“European banks are in huge trouble,” says our trend follower Michael Covel. “Share prices for the biggest banks in Europe, like Credit Suisse, Deutsche Bank and Barclays, are down more than 50%. In Italy alone, there’s $400 billion in bad loans.
“Deutsche Bank chief economist David Folkerts-Landau has called for a $166 billion bailout for European banks. And his bank needs the most help. Deutsche is leveraged more than Lehman Bros. was in 2008 and has exposure to more than $70 trillion in derivatives contracts.
“If history is a guide, I would count on central bankers coming to the rescue yet again. They don’t want blood on their hands if they let one bank fail and it leads to a catastrophic contagion like Lehman Bros. in 2008.
“But what’s to come after that short-term fix? That’s when things really get interesting.” Michael plans to expand on that theme in the next issue of Trend Following With Michael Covel.
“I just read your latest, and I question your thesis of a weaker dollar,” a reader writes after yesterday’s episode.
“How can the Fed create inflation if Japan has failed to do so for 30 years? What can the Fed do that Japan cannot do?”
The 5: When we link to previous episodes of The 5 — which we don’t do often, but we did yesterday in the course of our musings — it’s for a reason. Try again.
Also, a weaker dollar fits in with Jim Rickards’ “Shanghai Accord” thesis. Newer readers can acquaint themselves with that here.
“All of the stories I have seen or heard in the couple of weeks since I became aware of Pokémon GO,” a reader writes, “have led me to the conclusion that this is quite possibly a great direction for investing in the improvement of the human race.
“After all, if these people have too much time and too few brain cells, maybe as the weak links fall off the cliff, we are improving the mix.”
We got other emails in the same vein: “ Although I’m glad that everyone you mentioned survived, it did deprive the world of a golden opportunity of some worthy additions to this year’s Darwin Awards.”
“Pokémon GO? I’ll wait for Seeking Darwin to hit the app stream,” writes a third.
“In this game, you have two ‘worlds,’ World A (the actual world) and World V (the virtual world on your smartphone screen). As with Pokémon GO, the game relies on GPS locations and displays cliffs, T rex maws, snake-infested swamps and other such pleasantries to be avoided.
“The player, glued to the smartphone screen, has to avoid the dangers of World V and is rewarded for each successful avoidance. Should the player step in front of a car in World A and get wiped out, the player wins a Darwin Award (posthumously, as is required), and the driver of the car wins the app for free.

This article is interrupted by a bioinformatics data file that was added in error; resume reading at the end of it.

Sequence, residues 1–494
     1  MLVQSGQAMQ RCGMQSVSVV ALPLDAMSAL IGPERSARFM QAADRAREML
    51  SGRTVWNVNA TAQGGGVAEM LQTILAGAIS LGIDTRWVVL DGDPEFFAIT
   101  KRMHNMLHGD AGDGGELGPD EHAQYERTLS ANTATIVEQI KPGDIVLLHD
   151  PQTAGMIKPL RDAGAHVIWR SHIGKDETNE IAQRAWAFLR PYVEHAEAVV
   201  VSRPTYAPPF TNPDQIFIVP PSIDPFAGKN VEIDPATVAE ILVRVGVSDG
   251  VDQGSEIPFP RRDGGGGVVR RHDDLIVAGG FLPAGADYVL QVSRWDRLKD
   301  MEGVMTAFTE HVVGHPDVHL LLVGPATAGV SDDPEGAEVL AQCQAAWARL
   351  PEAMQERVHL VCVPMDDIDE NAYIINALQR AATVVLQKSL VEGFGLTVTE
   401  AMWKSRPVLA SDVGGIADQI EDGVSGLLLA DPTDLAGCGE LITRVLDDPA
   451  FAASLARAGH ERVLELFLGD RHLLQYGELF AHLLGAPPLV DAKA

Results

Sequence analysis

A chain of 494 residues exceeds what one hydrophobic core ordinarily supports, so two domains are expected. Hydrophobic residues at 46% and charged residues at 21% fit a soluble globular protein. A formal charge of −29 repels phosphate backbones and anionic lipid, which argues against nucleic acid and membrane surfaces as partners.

“The Darwin Black is for run-of-the-mill stuff like getting hit by a speeding car, the Darwin Silver and Darwin Gold for more spectacular ‘posthumousizers.’
“Given the current popularity of Pokémon GO, I let you decide if this is a joke or to look for the app…”
Quips one more: “Here’s a new, improved way to take oneself out of the gene pool.
“It should make the elites’ population control plan simpler — and maybe the rest of us can make a buck!
“As always, thanks for the great work.”
The 5: The jokes do write themselves, don’t they?
But Ray Blanco urges us to look at the bigger picture: “Pokémon GO is the Pong of future augmented-reality games.” And it’s not just about games: “It’s a look at the future of how we are going to interface with computers and the world.”
We’ll have more in the coming days from Ray about why he believes “AR” and its cousin VR, virtual reality, signal an epic profit-making opportunity…
The 5 Min. Forecast
P.S. We’re compelled to emphasize: The ground-floor opportunity in virtual reality and augmented reality might not be available much longer.
Pokémon GO has brought AR into widespread public awareness. And while Nintendo stock is on a ridiculous tear that can’t possibly last… other companies, beneath the radar quietly working away on the technology that makes Pokémon GO possible, are just about to take off. Here’s what might be your last chance at the ground floor.